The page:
Why Does Society Let Police Kill Citizens Under the Guise of Public Safety?


We’ve been fed a lie that police know best

Modern-day policing is abusive, condescending, and ineffective. Police are nothing like the heroes your children see on Paw Patrol, and they certainly don’t prevent crimes from occurring. Police solve approximately 2% of major crimes in the United States. Yet if you suggest defunding police to facilitate accountability or to reassess our priorities, you’ll be quickly dismissed as a good-for-nothing radical who doesn’t understand how this world works. Yet, every day, the police kill approximately three people. In the aftermath of the racial reckoning, police departments have either refused or failed to implement reforms that change the relationship between police and the communities they claim to serve.

When you are in an abusive relationship, your abuser will often try to convince you that you’re confused about the events that occurred or that violence is a necessary evil. Police are no different. Even after all the violence and chaos police bring to the table, they have the audacity to try to convince the public that policing doesn’t need to change, and their departments need more money, more weapons, and more officers on the streets to keep us safe. But as a Francis Ford Coppola fan, I watched Godfather enough to recognize a shakedown when I see one. Offering protection for money while continuing to increase the amount of money you need to keep a business “safe” is precisely how the mafia and American policing operate.

We’re not dealing with a bad apple, we’re dealing with a bad apple tree.

After all the marching and mountains of kind words from allies, Black people are still disproportionately represented among police fatalities. And if you have an untreated mental illness, police are 16 times more likely to take your life. Put another way, 1 in 4 people killed by police officers had a severe mental illness. Police killing mentally ill people is something we don’t talk about enough, but their incompetence has real-life consequences. Imagine not being able to comply and dying because you’re different — that’s what’s happening in America under the guise of public safety.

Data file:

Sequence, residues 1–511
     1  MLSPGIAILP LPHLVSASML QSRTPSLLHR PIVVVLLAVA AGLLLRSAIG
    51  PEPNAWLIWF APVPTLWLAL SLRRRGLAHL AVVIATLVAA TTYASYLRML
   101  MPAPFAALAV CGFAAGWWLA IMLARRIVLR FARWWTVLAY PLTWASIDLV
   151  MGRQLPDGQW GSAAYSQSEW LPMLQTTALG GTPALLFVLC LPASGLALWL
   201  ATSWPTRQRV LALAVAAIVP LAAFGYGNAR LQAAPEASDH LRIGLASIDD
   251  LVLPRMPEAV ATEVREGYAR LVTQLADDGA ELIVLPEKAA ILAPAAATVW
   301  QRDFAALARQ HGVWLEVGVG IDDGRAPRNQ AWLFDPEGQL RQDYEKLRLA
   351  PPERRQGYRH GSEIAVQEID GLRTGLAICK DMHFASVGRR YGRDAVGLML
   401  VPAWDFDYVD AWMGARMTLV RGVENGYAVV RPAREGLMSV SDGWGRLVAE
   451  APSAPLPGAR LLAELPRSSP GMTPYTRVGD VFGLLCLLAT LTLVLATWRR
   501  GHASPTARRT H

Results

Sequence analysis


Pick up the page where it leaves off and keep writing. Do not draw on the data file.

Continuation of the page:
Keep in mind that someone with a mental illness commits only 3–5% of all violent crimes, and they are ten times as likely to be the victims of violence. Police are not trained health care professionals and often view abnormal behavior as non-compliance. In 2019, police officers killed 23-year-old Elijah McClain using a now-banned carotid hold as he apologized for his abnormal breathing and movements. Killing McClain didn’t make Aurora, Colorado, a safer community. The prosecutor agreed, charging five officers with felony manslaughter and criminally-negligent homicide, all of whom are currently “out on bond.” And while it will be nice to see his family get justice in this case, it doesn’t change the fact that officers feel empowered to use violence disproportionately on communities of color. Punishing individuals without recognizing the patterns of violence in the system will not break the cycle of violence. We’re not dealing with a bad apple; we’re dealing with a bad apple tree.

Photo Credit | Mapping Police Violence